Review: evidence is lacking that adults given fluids 1.5 to 3 hours preoperatively have greater risks of aspiration or regurgitation than those given a standard fast
Q In adults, what are the effects of different preoperative fasting regimens (duration, type, and volume of permitted intake) on perioperative complications and patient wellbeing?
Medline (1966 to August 2003), CINAHL (1982 to August 2003), the Cochrane Central Register of Controlled Trials (second quarter, 2003), and the UK National Research Register (August 2003); bibliographies of relevant studies and conference proceedings; and experts.
Study selection and assessment:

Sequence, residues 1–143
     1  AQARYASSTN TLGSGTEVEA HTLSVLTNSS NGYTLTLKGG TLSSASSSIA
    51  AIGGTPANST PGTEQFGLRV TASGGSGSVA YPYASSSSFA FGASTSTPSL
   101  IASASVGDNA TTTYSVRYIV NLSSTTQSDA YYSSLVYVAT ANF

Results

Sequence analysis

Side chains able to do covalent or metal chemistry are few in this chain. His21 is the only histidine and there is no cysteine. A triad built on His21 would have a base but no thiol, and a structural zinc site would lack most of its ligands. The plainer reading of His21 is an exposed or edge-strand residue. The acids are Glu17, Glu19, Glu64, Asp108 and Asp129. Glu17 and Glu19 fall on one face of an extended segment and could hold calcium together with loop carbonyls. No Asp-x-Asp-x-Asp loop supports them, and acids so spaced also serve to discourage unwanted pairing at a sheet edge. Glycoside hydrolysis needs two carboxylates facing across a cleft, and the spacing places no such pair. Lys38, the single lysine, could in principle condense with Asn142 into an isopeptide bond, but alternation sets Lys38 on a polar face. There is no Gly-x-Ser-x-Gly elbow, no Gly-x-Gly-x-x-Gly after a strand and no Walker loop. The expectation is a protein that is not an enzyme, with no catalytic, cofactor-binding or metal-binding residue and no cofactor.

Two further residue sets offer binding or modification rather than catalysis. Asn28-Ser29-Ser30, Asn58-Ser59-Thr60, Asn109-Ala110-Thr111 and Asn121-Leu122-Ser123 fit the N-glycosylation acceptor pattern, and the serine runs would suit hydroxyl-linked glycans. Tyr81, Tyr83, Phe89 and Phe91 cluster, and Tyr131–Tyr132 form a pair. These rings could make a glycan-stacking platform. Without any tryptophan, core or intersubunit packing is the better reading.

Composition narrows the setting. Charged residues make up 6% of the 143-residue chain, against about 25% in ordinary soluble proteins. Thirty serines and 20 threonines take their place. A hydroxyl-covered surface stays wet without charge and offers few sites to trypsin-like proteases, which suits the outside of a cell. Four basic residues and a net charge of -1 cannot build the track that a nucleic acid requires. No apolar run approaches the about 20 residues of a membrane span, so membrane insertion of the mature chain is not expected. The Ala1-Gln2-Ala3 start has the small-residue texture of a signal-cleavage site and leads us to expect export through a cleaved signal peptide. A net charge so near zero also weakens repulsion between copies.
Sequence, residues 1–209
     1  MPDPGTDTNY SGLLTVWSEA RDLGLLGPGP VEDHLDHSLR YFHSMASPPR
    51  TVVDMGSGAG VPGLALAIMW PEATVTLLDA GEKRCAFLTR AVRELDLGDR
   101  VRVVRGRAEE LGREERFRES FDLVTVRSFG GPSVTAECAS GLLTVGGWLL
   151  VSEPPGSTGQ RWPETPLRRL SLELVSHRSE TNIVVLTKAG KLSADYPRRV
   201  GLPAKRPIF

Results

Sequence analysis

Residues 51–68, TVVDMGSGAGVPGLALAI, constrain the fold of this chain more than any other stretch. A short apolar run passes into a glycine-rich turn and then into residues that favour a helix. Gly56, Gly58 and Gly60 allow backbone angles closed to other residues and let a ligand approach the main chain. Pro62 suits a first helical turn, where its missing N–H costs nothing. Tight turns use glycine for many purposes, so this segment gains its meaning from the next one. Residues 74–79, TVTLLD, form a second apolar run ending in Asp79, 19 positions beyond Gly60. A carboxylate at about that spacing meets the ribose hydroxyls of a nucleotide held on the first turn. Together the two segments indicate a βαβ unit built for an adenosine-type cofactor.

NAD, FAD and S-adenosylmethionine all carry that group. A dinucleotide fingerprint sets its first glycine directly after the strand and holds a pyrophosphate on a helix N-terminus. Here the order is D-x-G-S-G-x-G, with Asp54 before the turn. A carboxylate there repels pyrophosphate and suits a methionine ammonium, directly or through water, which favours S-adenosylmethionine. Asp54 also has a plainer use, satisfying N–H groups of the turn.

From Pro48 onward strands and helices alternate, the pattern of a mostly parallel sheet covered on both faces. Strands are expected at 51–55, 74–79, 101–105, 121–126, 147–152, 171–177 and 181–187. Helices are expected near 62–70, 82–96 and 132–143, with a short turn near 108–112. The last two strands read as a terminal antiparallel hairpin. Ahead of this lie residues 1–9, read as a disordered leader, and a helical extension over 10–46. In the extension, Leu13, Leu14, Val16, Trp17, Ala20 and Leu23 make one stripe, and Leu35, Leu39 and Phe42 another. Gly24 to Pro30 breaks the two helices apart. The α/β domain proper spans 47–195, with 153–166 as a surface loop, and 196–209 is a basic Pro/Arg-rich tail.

randomised controlled trials (RCTs) or quasi-RCTs that compared the effects of different preoperative fasting regimens in terms of duration of fast, type of permitted intake, and volume of permitted intake before general anaesthesia; included adults ⩾18 years of age; and reported postoperative complications. Studies of healthy patients having general anaesthesia or those at high risk of regurgitation or aspiration during anaesthesia (ie, patients who were pregnant, postpartum, obese, elderly, or had gastric disorders) were included. A standard fast was defined as nil by mouth from midnight before morning surgery and a small breakfast early in the morning before afternoon surgery. Intake of a small amount of …